By Vasiliki Kassianidou, George Papasavvas
James D. Muhly is a exotic student with a different curiosity in historical metallurgy who has devoted a lot of his study to Cypriot archaeology. His paintings at the metallurgy of historical Cyprus endorses the real significance of the island as a copper generating zone, in addition to a pioneer within the improvement and unfold of metallurgy and metalwork within the wider jap and critical Mediterranean area. This quantity includes papers from "Eastern Mediterranean Metallurgy and Metalwork within the moment Millennium BC", a world convention organised in Muhly's honour via the college of Cyprus.
Several archaeologists and archaeometallurgists from around the globe whose learn specializes in the metallurgy of this era in Cyprus and surrounding areas have been invited to take part within the convention to match and distinction the cloth tradition linked to metallurgical workshops and to debate technological matters and their cultural and archaeological contexts. a few papers are dedicated to the metallurgy and metalwork of Cyprus, featuring fabric from a variety of websites and discussing the creation and use of copper within the jap Mediterranean. Others are devoted to the Minoan and Aegean steel and the connections among Sardinia and Cyprus. relocating eastwards, from Anatolia throughout the Syro-palestinian coast and Jordan and south to Egypt, papers are provided that debate overdue Bronze Age metallurgy in Alalakh, Ugarit, Faynan, Timna and Qantir. the amount additionally comprises papers on tin and iron.
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Extra info for Eastern Mediterranean Metallurgy in the Second Millennium BC: A conference in honour of James D. Muhly, Nicosia, 10th–11th October 2009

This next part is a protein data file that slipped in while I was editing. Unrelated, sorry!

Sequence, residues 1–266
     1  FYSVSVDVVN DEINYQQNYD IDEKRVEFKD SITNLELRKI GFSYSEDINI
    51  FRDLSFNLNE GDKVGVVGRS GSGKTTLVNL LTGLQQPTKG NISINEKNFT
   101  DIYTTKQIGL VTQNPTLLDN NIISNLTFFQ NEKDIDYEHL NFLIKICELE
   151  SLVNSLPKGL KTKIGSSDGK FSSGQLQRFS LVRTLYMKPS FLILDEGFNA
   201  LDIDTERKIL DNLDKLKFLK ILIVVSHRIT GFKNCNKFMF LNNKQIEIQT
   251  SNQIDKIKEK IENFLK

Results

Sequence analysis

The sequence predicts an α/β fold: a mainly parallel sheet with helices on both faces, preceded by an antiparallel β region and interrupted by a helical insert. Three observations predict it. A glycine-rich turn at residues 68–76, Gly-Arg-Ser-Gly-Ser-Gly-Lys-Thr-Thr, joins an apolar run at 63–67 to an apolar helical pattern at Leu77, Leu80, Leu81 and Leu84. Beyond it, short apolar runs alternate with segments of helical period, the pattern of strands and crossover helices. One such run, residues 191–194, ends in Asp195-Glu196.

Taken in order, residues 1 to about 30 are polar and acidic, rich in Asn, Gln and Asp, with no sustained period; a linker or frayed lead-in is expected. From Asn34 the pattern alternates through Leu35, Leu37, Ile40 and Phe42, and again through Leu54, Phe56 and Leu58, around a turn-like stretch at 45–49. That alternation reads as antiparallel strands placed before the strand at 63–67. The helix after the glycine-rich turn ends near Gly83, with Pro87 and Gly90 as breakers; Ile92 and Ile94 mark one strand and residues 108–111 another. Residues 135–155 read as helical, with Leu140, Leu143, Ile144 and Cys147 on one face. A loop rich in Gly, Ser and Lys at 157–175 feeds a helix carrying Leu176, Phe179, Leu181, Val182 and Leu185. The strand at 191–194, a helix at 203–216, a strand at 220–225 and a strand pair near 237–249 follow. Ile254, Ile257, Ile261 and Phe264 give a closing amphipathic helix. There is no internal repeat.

This is confirmed by hundreds of bronzes found in the tombs of the period. If however the number of bronzes is ignored, little evidence of metallurgical activities has been found in EB–MBA settlements so far excavated in Cyprus: there are a few pieces of slag from Kalopsidha (Famagusta), unstratified pieces of ores, slag and crucibles from Alambra (Nicosia) (Coleman et al. 1996), and a stone mould for an axe from Marki (Frankel and Webb 2006). The full range of evidence which would be expected to be left by the treatment of metals and their ores has not been found on these sites.
H. (2009) A response to the paper of A. M. Pollard: What a long, strange trip it’s been: lead isotopes and archaeology. In A. J. Shortland, I. C. Freestone and T. Rehren (eds) From Mine to Microscope: Advances in the Study of Ancient Technology, 191–196. Oxford, Oxbow Books. Gale, N. H. and Stos-Gale, Z. A. (2002) Archaeometallurgical research in the Aegean. In M. Bartelheim, E. Pernicka and R. Krause (eds) The Beginnings of Metallurgy in the Old World, 277–302. Rahden/Westfallen, Verlag Marie Leidorf.
7). From this study, Kassianidou (in Kling and Muhly 2007, 277) concluded that Apliki was a settlement with storage facilities for food or other commodities to be used by the workforce, as well as an industrial centre where copper metal was extracted from sulphide ores. Some of the faunal remains (sheep, goat, ox) were stained green and were most likely impregnated with metal ‘salts’ (copper, iron) (Croft, in Kling and Muhly 2007, 321). Karamallos lies only two miles from the ore body at Apliki, but Taylor (1952, 150) was concerned that ‘…the evidence for the mining of copper ore by the occupants of this site is tentative’.
Eastern Mediterranean Metallurgy in the Second Millennium BC: A conference in honour of James D. Muhly, Nicosia, 10th–11th October 2009 by Vasiliki Kassianidou, George Papasavvas